- Monitor the competition and network with peers
So there you have it, and I hope you’ll agree the results are fascinating. As expected in some areas, but certainly some surprises in others.
In the the main batch, I think it’s really interesting that each of these is highly active, to the extreme. If we were trying to picture our CMO, it feels like a loveable, fallible, caffeine-infused superhero!
This second batch are more specific than the first, but no less important. More tactical and frequent, you really get a sense here of the thought-process that goes into being a top Tech CMO, rather than just the underlying drive required from the first batch.
Whereas the first group are more adrenaline caped crusader, this second group is more considered and thoughtful – Robin’s ying to Batman’s yang perhaps!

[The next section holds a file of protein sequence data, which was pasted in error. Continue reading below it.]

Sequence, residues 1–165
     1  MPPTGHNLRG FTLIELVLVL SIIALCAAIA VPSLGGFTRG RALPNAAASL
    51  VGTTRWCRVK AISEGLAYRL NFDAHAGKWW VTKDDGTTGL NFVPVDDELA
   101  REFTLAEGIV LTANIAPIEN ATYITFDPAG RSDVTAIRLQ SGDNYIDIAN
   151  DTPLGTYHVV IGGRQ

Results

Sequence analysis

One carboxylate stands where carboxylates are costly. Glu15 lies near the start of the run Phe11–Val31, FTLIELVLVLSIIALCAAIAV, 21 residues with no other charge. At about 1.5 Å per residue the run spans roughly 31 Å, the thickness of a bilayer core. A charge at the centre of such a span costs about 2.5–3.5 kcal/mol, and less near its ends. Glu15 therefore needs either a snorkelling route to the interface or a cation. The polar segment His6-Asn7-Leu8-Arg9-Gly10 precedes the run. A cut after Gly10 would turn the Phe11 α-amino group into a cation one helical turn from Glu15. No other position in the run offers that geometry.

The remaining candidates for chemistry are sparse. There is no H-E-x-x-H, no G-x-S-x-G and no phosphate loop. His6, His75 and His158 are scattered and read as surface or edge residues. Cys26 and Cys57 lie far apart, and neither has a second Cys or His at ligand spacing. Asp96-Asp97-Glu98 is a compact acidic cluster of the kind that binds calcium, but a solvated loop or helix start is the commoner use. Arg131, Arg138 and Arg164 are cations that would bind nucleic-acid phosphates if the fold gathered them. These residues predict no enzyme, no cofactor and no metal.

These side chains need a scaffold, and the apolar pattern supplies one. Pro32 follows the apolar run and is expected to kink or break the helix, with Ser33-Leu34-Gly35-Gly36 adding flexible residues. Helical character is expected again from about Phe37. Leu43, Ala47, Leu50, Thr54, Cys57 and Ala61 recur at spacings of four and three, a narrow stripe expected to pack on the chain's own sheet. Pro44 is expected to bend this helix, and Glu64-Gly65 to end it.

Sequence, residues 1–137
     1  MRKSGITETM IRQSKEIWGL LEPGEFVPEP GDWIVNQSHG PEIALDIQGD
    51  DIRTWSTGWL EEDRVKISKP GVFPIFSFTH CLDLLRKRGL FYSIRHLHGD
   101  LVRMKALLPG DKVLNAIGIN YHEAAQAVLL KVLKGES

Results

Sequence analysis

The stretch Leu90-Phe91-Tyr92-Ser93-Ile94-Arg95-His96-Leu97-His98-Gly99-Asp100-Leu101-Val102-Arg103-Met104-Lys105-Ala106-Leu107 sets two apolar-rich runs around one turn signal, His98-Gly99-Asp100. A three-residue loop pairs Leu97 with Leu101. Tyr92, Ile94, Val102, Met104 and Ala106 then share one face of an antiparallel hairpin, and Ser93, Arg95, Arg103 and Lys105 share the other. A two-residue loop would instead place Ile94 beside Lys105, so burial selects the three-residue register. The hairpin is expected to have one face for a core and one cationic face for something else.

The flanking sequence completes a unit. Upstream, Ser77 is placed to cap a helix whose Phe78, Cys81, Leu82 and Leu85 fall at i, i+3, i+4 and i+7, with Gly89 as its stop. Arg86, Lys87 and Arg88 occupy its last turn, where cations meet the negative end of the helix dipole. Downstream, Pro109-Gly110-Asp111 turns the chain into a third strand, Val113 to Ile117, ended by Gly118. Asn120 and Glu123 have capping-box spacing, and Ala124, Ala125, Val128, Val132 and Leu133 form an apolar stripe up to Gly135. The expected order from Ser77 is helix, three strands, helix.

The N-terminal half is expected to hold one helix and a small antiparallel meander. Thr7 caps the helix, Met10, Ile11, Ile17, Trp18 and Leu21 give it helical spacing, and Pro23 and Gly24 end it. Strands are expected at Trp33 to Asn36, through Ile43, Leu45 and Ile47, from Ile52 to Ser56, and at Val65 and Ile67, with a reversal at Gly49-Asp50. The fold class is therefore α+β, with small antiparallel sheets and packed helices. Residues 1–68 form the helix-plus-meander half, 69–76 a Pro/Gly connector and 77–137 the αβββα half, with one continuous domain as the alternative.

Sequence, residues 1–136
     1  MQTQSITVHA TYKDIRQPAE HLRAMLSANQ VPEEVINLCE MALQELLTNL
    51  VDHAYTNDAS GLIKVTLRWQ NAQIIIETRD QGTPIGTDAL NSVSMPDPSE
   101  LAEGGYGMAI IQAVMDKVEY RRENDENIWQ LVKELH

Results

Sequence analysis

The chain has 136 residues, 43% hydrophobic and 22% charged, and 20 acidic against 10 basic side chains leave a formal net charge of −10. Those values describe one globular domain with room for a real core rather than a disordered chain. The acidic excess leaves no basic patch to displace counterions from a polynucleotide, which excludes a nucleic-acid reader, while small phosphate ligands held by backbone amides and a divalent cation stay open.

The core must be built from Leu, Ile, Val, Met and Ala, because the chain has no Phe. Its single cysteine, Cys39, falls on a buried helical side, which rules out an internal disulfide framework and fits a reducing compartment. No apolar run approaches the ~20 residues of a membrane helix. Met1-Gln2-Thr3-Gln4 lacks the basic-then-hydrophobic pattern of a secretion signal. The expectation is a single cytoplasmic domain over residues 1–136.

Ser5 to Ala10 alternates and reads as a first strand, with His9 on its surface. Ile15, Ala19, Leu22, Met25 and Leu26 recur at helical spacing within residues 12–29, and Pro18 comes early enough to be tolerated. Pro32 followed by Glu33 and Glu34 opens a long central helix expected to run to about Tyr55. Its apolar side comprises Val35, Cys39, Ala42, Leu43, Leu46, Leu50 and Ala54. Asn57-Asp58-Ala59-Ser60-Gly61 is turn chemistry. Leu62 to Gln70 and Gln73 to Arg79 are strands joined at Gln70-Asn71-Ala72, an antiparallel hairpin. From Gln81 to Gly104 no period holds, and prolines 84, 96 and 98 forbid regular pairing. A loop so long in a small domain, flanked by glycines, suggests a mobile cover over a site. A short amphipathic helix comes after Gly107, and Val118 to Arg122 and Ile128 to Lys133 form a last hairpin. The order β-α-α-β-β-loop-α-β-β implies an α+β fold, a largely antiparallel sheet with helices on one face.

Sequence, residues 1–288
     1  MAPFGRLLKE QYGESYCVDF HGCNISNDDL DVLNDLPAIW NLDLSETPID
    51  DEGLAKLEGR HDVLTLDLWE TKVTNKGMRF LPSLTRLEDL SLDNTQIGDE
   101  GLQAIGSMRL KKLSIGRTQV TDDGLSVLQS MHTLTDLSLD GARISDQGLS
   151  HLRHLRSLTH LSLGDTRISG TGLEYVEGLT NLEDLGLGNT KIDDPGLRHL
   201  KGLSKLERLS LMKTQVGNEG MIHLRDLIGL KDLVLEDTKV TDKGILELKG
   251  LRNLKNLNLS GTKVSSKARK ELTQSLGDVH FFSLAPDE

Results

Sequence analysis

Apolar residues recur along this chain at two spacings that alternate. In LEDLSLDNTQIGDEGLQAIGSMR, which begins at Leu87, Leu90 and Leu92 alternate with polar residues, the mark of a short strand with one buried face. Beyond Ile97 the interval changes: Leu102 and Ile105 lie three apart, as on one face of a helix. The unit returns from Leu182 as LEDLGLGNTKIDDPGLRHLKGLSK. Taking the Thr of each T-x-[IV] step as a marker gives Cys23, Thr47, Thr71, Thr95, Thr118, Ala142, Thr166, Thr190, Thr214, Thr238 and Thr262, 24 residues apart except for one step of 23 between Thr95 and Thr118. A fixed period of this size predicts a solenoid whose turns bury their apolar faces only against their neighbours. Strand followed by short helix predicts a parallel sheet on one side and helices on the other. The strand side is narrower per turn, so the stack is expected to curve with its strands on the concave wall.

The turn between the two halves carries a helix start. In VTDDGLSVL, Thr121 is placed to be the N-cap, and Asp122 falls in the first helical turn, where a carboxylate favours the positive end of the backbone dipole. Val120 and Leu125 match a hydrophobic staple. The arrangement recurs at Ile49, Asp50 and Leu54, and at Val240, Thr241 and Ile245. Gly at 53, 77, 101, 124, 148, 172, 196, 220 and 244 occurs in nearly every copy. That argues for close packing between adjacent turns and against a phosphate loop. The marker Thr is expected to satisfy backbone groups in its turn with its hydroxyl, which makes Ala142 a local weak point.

I think the overall trend reflects the greater role that marketing now plays in modern companies. It’s now a crucial role, and second only to leadership / management in my opinion. The big reason is of course the internet. Whereas marketing tended to be reactive pre 2000, it’s now the driving force behind an organisation’s sales and can make or break a business.
The current crop of tech CMOs have cut their teeth in the post 2000 era, hence the big change from more considered thinkers to the dynamic all-rounders we see below. I think the most telling result from this is that CMOs from the 1950s – c2000 era would probably identify most with the second list, and shy away from the first. Will we see a similar shift in another 20 years I wonder?
As always, please do leave your thoughts in the comments section to submit your pieces of advice.
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I’m delighted to include below the full transcript from each CMO.
Lorey D. Zlotnick
CMO, Brand Architect